Real Estate Fraud And The Fiduciary Responsibilities Of Real Estate Agents

A Hazleton, Pennsylvania realtor could serve up to ten years in prison after pleading guilty to conspiracy to commit wire fraud. The realtor was arrested in Florida after fleeing there to avoid prosecution.

The realtor preyed on mostly Spanish-speaking, first-time homebuyers, telling them he was authorized to sell to them homes that were vacant or were in foreclosure. The victims agreed to buy the homes and paid the realtor, as well as other parties, for what the victims believed to be their new homes. In fact, the realtor was not authorized to sell the homes, and the fraud began to unravel when the victims began receiving eviction notices from the true owners.

Many of the victims have filed a federal lawsuit seeking civil damages against the realtor and many of the realty companies with which he was associated. James Halpin “Real estate agent admits to scam”    standardspeaker.com (May 26, 2017).

Commentary
The realtor-client relationship is that of a fiduciary. The realtor owes the duties of loyalty, honesty, prudence, full disclosure, confidentiality, good faith, reasonable care and diligence, and accounting.

Obviously, the real estate agent in the case above did not adhere to his fiduciary duties, and his unsuspecting clients suffered for it, as well as the real property owners.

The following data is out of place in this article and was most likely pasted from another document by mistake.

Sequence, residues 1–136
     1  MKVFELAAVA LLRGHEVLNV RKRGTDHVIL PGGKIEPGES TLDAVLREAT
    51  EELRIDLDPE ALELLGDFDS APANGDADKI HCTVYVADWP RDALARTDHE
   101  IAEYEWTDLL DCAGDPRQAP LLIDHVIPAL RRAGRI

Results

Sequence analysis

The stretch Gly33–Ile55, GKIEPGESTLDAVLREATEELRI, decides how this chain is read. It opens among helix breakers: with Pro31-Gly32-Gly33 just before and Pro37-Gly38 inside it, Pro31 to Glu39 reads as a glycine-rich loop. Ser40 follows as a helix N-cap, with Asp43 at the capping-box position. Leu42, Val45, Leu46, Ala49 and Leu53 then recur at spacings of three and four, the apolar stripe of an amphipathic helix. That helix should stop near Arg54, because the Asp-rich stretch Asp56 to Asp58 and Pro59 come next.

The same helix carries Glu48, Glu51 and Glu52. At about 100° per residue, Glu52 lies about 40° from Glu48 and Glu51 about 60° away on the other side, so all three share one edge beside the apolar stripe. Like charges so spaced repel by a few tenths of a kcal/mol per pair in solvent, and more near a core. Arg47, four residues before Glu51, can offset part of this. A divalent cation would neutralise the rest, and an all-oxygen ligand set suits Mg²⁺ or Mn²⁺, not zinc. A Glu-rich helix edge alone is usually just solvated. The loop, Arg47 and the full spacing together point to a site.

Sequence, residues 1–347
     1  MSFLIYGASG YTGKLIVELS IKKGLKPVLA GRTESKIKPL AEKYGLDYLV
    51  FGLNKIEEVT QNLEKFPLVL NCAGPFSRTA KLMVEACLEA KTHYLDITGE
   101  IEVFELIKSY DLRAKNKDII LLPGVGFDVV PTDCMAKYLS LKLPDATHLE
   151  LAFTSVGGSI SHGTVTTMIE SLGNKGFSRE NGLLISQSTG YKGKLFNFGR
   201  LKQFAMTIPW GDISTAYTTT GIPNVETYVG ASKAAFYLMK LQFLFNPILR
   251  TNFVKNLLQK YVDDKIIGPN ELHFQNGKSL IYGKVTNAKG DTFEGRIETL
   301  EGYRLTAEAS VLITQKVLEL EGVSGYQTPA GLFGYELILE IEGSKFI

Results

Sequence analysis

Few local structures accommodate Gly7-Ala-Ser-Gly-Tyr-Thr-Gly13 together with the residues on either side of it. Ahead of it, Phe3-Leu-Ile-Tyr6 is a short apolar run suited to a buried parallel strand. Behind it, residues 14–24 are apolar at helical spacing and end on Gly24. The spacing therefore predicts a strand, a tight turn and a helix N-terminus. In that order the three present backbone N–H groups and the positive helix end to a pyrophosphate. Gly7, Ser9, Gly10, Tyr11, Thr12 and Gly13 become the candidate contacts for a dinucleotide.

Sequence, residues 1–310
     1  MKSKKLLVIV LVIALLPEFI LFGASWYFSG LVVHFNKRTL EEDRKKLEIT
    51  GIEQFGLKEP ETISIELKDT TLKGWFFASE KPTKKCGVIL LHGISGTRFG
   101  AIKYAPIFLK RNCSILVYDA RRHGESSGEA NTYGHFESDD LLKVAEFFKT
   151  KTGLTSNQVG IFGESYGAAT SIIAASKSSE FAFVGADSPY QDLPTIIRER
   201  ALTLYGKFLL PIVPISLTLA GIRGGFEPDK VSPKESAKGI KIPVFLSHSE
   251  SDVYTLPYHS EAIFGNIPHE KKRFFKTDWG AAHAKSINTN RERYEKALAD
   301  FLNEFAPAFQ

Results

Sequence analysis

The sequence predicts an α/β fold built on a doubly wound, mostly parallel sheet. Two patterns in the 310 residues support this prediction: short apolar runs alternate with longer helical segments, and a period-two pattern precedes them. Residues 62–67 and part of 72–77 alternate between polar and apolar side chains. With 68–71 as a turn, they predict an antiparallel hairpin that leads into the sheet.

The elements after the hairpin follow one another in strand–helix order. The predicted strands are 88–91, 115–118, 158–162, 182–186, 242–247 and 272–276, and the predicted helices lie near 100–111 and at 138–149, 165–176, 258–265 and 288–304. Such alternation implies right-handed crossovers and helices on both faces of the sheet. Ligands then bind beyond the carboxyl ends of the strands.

Be aware of the types of real estate fraud that might be perpetrated on your clients:

  • Foreclosure rescue companies that convince distressed homeowners to “temporarily” transfer title or “leaseback” their own home to obtain relief.
  • Mortgage elimination schemes involving “loopholes” to help homeowners eliminate mortgages within an unreasonably short time.
  • Home improvement fraud committed by unscrupulous realtors who obtain a loan in the name of fictitious people or previous clients.
  • Equity skimming: where a buyer convinces a seller to relist the house at twice its true value. The buyer gets a larger mortgage, pays seller the original list price, and skips with rest of mortgage money, leaving the house to go into foreclosure.
  • Illegal flipping: flipping for profit is fine, but flipping for a price well above appraised value is not.
  • Equity fraud happens when crooks take stolen personal information and use it to obtain fraudulent loans.
  • Fraudulent loan origination happens when realtors help unqualified buyers get mortgages they are unable to pay in exchange for a larger sales commission.
  • Predatory lending and aggressive sales pressure: beware of “no money down” or “no credit check” schemes, which usually prey on the elderly, the unsophisticated, or those who are desperate.

Protect your clients from these scams by knowing your market, the true property values, and your client’s needs and motivations. Keep a watchful eye on how everyone involved in the transaction performs his or her job.

Hanover Insurance Group